Blog Jun 17, 2024

“De-Carbonize: A Smart Move” – A Letter from Our CEO, June 2024

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EnergyPrint clients raise their operating income by reducing their energy use. The value of every business (and the buildings they occupy) is nominally 10 times their net operating income. So, when utility expense drops by $36,000 (our customer average), the value of their enterprise increases by 10 x, or $360,000. This is the value we add – in 7,800 buildings over our 14 year history – which translates into almost $3 billion in added valuation.

There are other reasons to drive building efficiency. In March of this year, the SEC moved to require carbon emissions disclosure, to inform socially motivated investors. They want to evaluate climate-related investment risk, and reward those who reduce emissions.

The link between atmospheric CO-2 levels and climate remains controversial. Humans cause about 4% of CO-2 emissions. The rest is natural. But there is no argument that atmospheric CO-2 levels have risen from 280 parts per million in the 1950s, to about 420 ppm today. It’s pretty clear that the burning of fossil fuels drove the increase. The remaining question for many is, “So what”? The warming trend is gradual and its impact uncertain.

But CO-2 Makes Us Dumber

In 2015, Harvard published a study showing that student cognitive abilities decline dramatically as CO-2 levels rise. Tests show a 21% decrease in cognitive scores when classroom CO-2 is increased from 550 to 950 parts per million (ppm). There was an even greater loss when dealing with strategy questions, where test scores dropped from 1.0 at 550 ppm, to 0.2 at levels of 1400 ppm – levels they found were common in classrooms.  You can read the full study at:

Associations of Cognitive Function Scores with Carbon Dioxide, Ventilation, and Volatile Organic Compound Exposures in Office Workers: A Controlled Exposure Study of Green and Conventional Office Environments (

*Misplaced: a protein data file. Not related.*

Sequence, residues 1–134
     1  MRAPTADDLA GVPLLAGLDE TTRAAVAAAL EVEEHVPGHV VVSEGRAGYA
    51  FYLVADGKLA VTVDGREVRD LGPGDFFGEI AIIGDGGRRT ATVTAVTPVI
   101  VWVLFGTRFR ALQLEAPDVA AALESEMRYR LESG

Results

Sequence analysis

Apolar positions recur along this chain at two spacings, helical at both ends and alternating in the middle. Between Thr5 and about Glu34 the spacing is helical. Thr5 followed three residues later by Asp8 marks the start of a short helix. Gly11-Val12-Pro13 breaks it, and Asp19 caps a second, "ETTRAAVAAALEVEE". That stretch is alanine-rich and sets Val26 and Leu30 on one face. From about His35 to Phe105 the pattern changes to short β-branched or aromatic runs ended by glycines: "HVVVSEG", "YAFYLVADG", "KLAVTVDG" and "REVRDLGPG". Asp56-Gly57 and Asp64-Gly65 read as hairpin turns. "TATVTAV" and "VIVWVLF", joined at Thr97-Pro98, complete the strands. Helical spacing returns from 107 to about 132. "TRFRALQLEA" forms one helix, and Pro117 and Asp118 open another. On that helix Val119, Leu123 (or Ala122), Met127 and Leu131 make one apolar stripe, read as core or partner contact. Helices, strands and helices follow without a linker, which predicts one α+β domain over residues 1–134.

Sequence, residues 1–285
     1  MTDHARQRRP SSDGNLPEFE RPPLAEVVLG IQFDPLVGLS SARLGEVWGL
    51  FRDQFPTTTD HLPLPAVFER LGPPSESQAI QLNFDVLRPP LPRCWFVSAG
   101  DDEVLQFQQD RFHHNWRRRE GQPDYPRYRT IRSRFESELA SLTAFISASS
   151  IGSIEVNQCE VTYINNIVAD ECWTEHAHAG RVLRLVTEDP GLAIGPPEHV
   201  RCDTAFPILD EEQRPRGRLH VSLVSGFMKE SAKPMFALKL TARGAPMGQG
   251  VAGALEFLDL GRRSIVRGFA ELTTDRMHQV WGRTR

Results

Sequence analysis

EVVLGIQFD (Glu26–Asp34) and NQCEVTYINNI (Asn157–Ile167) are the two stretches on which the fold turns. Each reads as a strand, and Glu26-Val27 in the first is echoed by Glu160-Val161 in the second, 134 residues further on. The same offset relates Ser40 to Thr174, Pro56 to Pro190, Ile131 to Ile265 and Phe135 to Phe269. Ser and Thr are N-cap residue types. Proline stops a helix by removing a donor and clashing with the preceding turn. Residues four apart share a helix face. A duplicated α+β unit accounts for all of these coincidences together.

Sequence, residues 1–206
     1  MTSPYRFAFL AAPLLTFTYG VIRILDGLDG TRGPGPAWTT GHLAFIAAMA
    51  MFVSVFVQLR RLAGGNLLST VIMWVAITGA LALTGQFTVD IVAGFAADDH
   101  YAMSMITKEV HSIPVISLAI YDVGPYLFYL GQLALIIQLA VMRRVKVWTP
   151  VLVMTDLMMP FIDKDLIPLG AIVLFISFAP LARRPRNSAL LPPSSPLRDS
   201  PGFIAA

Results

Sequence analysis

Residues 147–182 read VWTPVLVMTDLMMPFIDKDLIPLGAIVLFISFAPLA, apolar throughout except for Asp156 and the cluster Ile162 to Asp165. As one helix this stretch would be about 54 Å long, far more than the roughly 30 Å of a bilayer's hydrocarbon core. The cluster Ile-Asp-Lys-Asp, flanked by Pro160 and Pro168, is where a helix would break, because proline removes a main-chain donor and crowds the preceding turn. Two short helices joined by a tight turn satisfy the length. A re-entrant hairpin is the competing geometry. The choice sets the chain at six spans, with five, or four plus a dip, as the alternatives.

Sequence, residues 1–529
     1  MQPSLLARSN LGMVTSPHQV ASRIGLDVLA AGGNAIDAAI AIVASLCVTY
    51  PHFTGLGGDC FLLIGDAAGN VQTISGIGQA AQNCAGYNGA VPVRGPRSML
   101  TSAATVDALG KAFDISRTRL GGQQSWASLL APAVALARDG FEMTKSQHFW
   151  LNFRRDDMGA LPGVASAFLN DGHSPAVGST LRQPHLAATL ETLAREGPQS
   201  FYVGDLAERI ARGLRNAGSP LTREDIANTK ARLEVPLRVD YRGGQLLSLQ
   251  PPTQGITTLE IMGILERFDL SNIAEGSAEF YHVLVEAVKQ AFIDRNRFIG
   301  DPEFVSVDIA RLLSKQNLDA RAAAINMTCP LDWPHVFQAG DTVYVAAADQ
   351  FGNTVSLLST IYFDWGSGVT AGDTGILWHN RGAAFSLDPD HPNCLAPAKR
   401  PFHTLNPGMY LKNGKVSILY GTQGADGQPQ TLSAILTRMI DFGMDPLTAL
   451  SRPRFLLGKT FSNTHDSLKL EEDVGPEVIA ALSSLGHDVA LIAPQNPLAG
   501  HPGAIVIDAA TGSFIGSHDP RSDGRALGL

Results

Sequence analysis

So, what does the Harvard study data teach us?

  • Since 1973, reduced ventilation to save energy has driven indoor CO-2 levels up.
  • The ASHRAE upper limit of 1000 ppm is far too high – it should be 550.
  • We need to manage ventilation to lower CO-2 levels when rooms are occupied.
  • Reduced ventilation rates have contributed to declining student test scores.

EnergyPrint recommends that classrooms and conference rooms be monitored for CO-2. If the CO-2 levels are too high, then we recommend the addition of a ventilation controller that links wirelessly to the CO-2 sensor. We also recommend a thermostat linked to the CO-2 sensor that alters setpoints when the room is not occupied – in most cases this will save enough energy to offset the energy penalty of improved ventilation.

And EnergyPrint believes that we should do everything possible that is economically justified to lower atmospheric CO-2 emissions. If your strategy to do this is carefully crafted, doing so will drive up your business valuation. Take a walk, breathe some fresh air, and think about it.

Then let us know if we can help, as we have so many others. That is our mission, written above our logo.

With Warmest Regards,

Wade W. Smith
EnergyPrint CEO